Personal Loans in Canada

Discover Your Options: Personal Loans

Do you want to apply for a personal loan, but you’re unsure about your options? Say you have good credit. Then you likely wish to get approved for something with a preferable interest rate and favourable loan payments. Maybe, you need a car loan—but only if there are reasonable interest and fees, which you won’t get with your credit card. Alternatively, you could be seeking out an unsecured personal loan, secured loans, instalment loans, or any other way to borrow money.

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Regardless of your needs, there’s plenty to choose from when it comes to securing financial assistance. Your best option depends on your needs and current finances. An array of factors dictates the ideal personal loan for you, on top of whom you should borrow. Other matters, such as your credit score, will play a pivotal role in where you send in your application for approval. This all might seem like a lot to take in, so read the following content and learn key facts about personal loans.

Get the Best Rates for a Personal Loan

According to business insider, the average personal loan interest has been in a continual state of flux over the past half-decade.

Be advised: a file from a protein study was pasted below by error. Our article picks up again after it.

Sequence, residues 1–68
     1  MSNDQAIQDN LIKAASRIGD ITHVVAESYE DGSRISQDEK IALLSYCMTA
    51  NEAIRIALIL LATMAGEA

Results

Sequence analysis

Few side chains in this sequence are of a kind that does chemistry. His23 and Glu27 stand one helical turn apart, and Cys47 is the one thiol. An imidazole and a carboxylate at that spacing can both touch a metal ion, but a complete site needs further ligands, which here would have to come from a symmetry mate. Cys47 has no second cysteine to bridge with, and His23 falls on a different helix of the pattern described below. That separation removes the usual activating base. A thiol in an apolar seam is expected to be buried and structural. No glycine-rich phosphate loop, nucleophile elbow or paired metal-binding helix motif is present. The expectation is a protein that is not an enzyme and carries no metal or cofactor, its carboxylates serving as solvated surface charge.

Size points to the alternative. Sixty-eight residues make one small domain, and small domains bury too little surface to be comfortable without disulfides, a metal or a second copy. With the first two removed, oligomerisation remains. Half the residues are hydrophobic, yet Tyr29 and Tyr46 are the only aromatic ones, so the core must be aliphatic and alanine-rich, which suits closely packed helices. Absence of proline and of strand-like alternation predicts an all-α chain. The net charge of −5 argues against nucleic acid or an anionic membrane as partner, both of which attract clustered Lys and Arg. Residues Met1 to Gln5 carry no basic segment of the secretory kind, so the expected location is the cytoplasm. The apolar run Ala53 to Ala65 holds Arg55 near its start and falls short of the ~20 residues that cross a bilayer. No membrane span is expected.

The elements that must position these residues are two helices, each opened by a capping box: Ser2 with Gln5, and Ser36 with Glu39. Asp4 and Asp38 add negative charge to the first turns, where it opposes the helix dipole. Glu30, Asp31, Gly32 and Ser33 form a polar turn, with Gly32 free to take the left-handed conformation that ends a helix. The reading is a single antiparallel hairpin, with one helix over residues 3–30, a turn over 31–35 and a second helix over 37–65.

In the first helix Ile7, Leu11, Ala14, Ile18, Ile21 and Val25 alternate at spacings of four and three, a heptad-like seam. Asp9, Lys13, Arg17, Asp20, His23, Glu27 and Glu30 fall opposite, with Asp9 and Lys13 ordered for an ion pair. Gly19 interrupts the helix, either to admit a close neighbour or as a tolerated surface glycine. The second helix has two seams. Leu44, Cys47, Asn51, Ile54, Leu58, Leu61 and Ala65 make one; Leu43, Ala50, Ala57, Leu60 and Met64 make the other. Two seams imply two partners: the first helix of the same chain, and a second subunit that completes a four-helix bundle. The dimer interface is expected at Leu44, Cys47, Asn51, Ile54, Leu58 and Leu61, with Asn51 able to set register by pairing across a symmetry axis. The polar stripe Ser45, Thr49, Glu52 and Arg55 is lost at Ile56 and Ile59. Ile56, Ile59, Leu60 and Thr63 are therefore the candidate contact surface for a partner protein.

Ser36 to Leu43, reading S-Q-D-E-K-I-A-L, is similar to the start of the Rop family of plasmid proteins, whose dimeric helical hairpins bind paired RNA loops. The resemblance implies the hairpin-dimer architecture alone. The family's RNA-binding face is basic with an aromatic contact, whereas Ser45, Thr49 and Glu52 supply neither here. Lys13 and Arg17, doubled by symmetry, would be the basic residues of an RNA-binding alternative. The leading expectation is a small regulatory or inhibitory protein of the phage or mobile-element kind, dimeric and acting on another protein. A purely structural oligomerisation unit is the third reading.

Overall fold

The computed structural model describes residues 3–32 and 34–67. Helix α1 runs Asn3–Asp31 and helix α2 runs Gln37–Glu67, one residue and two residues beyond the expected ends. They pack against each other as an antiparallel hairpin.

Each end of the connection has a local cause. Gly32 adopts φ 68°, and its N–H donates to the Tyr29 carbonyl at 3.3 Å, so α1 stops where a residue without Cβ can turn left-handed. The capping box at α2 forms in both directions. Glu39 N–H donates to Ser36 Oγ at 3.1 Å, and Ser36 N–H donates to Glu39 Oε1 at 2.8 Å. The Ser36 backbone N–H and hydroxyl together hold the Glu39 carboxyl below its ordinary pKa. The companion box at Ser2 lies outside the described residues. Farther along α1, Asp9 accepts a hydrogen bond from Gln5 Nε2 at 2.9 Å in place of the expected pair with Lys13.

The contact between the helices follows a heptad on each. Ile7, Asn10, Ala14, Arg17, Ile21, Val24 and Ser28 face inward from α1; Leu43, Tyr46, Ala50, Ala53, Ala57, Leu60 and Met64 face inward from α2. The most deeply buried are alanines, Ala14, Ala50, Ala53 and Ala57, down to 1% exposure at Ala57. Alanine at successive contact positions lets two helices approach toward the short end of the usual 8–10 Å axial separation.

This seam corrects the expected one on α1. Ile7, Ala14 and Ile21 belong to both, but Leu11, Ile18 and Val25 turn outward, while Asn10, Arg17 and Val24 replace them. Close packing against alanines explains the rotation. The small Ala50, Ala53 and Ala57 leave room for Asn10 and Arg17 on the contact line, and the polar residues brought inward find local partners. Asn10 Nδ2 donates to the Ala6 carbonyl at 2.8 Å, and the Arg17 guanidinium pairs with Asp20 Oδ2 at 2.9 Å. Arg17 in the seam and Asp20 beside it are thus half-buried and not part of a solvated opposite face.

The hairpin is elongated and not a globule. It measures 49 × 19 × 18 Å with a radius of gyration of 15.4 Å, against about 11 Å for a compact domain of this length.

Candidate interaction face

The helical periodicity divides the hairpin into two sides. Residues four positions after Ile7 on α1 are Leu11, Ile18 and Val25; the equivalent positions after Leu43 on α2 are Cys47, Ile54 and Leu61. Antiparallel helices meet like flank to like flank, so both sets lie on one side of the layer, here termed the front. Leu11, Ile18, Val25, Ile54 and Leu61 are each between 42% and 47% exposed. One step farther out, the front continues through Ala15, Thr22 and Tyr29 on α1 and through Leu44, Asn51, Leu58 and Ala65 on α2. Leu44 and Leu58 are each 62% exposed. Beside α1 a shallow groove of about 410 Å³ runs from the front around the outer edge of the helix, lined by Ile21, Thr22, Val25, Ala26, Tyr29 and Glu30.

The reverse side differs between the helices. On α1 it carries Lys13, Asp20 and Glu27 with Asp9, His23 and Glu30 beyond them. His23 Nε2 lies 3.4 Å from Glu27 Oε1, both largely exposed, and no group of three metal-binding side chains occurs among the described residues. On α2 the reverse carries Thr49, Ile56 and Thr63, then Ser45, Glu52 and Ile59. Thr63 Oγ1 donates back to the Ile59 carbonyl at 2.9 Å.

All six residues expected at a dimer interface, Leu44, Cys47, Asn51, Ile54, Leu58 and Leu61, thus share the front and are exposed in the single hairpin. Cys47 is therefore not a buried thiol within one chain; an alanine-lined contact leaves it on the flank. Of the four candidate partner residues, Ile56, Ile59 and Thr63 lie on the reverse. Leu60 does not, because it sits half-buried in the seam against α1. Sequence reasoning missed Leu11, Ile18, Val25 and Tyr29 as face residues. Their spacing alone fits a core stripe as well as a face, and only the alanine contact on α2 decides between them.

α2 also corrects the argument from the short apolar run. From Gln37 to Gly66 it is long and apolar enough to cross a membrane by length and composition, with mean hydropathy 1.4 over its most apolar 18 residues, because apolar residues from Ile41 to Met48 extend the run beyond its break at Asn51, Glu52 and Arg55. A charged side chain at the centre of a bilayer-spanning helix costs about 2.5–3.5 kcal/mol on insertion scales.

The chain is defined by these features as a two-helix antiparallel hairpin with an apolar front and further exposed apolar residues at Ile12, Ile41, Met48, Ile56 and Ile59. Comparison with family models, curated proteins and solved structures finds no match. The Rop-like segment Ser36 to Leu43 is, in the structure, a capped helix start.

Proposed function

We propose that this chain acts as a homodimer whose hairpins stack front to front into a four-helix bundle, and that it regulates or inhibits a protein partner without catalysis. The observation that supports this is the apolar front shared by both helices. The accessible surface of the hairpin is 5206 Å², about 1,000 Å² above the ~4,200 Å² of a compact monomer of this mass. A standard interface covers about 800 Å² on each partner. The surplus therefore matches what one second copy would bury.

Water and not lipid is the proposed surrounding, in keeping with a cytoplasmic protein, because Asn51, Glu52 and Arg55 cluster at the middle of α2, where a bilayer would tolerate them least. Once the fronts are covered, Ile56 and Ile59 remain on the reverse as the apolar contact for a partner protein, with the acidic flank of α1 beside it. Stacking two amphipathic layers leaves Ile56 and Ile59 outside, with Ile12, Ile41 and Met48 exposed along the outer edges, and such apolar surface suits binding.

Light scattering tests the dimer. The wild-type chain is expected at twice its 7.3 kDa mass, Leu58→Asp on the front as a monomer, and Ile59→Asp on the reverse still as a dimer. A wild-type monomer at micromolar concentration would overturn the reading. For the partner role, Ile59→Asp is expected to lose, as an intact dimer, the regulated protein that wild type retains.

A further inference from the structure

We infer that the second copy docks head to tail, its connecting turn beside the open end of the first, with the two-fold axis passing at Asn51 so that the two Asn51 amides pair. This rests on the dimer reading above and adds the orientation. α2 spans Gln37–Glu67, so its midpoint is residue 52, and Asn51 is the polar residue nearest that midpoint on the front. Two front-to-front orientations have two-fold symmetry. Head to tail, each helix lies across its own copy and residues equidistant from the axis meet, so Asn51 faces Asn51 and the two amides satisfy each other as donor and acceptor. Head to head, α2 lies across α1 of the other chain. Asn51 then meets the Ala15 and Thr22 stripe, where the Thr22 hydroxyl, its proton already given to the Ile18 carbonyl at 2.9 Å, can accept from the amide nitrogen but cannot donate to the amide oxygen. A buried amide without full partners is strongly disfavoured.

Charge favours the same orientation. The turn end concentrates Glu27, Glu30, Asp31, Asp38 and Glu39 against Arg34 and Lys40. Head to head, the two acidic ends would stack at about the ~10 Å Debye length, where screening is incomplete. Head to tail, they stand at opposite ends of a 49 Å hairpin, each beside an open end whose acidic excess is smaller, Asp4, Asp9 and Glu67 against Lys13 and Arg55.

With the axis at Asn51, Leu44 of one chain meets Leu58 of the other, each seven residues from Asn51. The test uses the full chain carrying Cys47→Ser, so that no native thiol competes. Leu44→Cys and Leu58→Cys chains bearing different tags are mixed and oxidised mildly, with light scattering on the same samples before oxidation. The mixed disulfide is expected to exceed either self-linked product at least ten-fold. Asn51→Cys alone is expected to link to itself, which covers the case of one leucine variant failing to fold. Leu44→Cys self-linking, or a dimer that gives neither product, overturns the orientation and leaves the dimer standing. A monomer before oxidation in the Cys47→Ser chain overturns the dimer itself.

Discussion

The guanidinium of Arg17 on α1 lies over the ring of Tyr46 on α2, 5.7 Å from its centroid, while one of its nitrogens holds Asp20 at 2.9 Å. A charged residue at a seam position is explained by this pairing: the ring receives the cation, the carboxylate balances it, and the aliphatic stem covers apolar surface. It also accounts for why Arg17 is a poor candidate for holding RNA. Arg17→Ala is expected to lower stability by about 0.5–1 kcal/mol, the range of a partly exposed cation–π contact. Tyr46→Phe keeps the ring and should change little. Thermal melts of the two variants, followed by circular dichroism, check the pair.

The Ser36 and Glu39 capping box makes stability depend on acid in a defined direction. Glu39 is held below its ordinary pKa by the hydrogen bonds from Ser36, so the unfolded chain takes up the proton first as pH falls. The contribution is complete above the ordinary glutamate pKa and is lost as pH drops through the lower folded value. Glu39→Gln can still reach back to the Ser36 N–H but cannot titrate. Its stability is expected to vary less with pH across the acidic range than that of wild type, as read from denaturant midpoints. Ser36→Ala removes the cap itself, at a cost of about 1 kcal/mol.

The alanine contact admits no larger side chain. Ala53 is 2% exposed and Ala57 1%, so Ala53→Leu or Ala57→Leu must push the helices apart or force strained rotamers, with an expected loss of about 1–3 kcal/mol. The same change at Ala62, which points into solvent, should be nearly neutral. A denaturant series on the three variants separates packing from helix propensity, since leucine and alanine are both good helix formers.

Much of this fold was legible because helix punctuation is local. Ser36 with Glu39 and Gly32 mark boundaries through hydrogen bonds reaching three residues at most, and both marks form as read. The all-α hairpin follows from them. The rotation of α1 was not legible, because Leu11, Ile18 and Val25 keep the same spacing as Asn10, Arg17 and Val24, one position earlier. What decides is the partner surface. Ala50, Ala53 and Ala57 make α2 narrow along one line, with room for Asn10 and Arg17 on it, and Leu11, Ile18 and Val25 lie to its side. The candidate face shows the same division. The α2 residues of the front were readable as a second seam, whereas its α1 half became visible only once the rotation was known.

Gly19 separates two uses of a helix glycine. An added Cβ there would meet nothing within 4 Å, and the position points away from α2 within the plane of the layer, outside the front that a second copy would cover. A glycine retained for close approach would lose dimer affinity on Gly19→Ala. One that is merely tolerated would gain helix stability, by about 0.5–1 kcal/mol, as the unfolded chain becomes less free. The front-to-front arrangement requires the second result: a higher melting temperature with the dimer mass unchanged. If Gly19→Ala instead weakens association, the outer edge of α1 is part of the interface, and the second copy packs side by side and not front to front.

Let’s further illustrate:

During 2020’s first quarter, the average 24-month personal loan interest was 0.69%, a drastic decrease from the comparatively astronomical 9.63% in 2019.

The APR on personal loans will differ, depending on what platform or from which financial institution you’re borrowing.

What’s important is never settling on the first lender you come across. After all, you might be open to more favourable rates than what you think is available. It merely takes some digging to find out.

Finding superior rates makes for more breathing room that benefits your FICO score in the long run.

Provided your credit score isn’t optimal, there is still a wealth of options for you to procure unsecured loans. You need to perform more due diligence to find someone you can borrow from and whose rates won’t send you into bankruptcy.

Benefits of a Personal Loan

First and foremost, personal loans can be used for anything. When you take out a mortgage, for instance, it can only be spent on your home.

On the other hand, a personal loan can be used on your home, car, emergency repairs, debt consolidation, credit card payments, and anything else of importance. There are no limitations. Moreover, you can borrow a wide range of money, from a few hundred dollars to hundreds of thousands of dollars.

Compared to credit card rates (averaged at 15.99%), personal loans are much more generous. And your loan payments are in fixed monthly instalments, with the same APR.

Note that personal loans don’t require collateral since they are unsecured. Plus, you don’t need to have pristine credit to get approved. More traditional financial institutions tend to be incredibly stringent, putting you through the wringer, only for your application to get rejected.

Personal loans don’t take long to approve, and you receive your funds almost immediately. This is useful because when you’re in a pinch, you require money fast.